Forum on Human Trafficking

10:00 - 3:00

Institute of the Blessed Virgin Mary
70 St. Mary Street
Toronto ON M5S 1J3

Human Trafficking within the Criminal Code: Implications for Internationally Trafficked Persons

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Organized by the CCR Anti-Trafficking Committee in conjunction with the CCR Fall Consultation, this forum is an opportunity for CCR members and others to engage in a discussion about the available remedies to internationally trafficked persons with a specific focus on the criminal justice process in relation to the changes in the criminal code definition currently debated in the Parliament.

The event brings together service providers, NGOs, anti-trafficking, social justice and migrant rights advocates, as well as lawyers, government representatives and others.

The Forum takes place the day before the CCR Fall Consultation in Toronto. 

Event details

Registration fee scale
  • General: $30 per participant
  • Reduced (Students, Low-income earner*): $10 per participant
  • Free: People with lived experience ONLY

*To confirm if you fall under this category, follow the LICO (Low-Income Cut-Off) table 2022

Please note: no organization should be prevented from participating due to fees. Please email us at to discuss a reduction, group rates or any other questions regarding registration.

What to expect
  • A training session on the Spectrum of Exploitation, an assessment and reflection tool, to help contextualize the multifaceted experiences of people subjected to exploitation and suggest remedies accordingly.
  • Panel discussion on the Criminal Code changes related to the definition of human before the Senate and the implications for internationally trafficked persons.
  • Networking with others engaged in anti-human trafficking work across Canada.
Who should attend

You should attend this meeting if you are:

  • Involved in the movement against human trafficking as an organization or individual
  • A front-line worker in settlement or other support service delivery working with trafficked persons, including trafficked non-citizens
  • An advocate for migrant workers, social justice, human rights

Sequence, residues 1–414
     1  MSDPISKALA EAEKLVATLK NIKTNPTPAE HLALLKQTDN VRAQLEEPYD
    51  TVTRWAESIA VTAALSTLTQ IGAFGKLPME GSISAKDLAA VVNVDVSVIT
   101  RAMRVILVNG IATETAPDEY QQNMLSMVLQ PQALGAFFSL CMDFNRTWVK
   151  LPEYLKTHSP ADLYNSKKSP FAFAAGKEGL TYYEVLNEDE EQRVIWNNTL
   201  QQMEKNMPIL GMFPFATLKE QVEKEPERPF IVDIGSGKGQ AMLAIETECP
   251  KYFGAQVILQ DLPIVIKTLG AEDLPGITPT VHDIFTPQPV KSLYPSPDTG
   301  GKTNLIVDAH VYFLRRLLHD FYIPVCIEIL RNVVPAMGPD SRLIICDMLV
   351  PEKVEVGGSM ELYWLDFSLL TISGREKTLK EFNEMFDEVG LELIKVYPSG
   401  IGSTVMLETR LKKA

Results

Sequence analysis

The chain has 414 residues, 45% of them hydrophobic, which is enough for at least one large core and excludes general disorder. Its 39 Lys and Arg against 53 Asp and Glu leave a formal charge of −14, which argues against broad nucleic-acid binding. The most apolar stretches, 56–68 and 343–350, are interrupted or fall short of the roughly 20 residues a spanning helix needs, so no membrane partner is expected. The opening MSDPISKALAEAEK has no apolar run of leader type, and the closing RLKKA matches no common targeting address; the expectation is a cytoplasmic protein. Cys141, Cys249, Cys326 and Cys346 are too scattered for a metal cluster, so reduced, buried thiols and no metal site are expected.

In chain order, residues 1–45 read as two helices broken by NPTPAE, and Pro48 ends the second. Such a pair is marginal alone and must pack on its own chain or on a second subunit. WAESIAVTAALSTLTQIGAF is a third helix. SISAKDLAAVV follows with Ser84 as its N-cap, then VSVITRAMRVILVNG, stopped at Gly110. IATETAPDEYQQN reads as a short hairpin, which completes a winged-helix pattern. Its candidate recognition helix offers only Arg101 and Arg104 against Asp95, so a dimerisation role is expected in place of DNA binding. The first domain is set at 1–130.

• A person with lived experience in a trafficking situation
  • An academic, researcher or other stakeholder interested in acting in response to trafficking issues
  • A government representative involved in setting or implementing policies related to human trafficking

Program outline

Morning session

Criminal Code is one remedy among others available to internationally trafficked persons. This is a training opportunity for service providers and others working with exploited persons to consider exploitation beyond the criminal justice system. Participants will use the Spectrum of Exploitation tool to deepen their understanding of systemic and individual factors contributing to exploitation. The spectrum of exploitation framework allows for remedies tailored to an individual’s unique situation and provides opportunities for broadening awareness discourses outside the sex/trafficking binary.


  • Sue Wilson, Director, Office for Systemic Justice, Sisters of St. Joseph of Toronto
  • AnnaLise Trudell, Manager of Prevention Education & Research at Anova
Afternoon session

Currently, the Senate is debating a bill to amend the criminal code definition of human trafficking. The proposed changes can potentially lessen the burden to prove the fear element within the criminal justice process opening the door for more convictions. Yet, it’s unclear how those changes would impact internationally trafficked persons choosing to pursue criminal justice remedies and how this will affect possible immigration options. The session will discuss the current criminal code amendments, current temporary and permanent immigration options and implications these amendments may have for both the criminal and immigration process of internationally trafficked persons. This timely discussion will inform the need for further education and advocacy efforts once the bill is moved to the House of Commons.


  • Sue Orlando, lead human trafficking prosecutor at the MAG ON
  • David Cote, immigration lawyer at LAW
  • Loly Rico, Executive Director at  FCJ Refugee Centre

Register online by November 18. Register early as spaces are limited! 

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For more information: contact María José Espejo at

CCR understands trafficking along a spectrum of exploitation, including labour and human rights violations. At its core, trafficking occurs when exploitation meets coercion.

Learn more about the CCR's work on trafficking:

This meeting is hosted by the CCR Anti-Trafficking Committee, which includes service providers, anti-trafficking advocates, legal practitioners, violence against women and policy advocates from across Canada.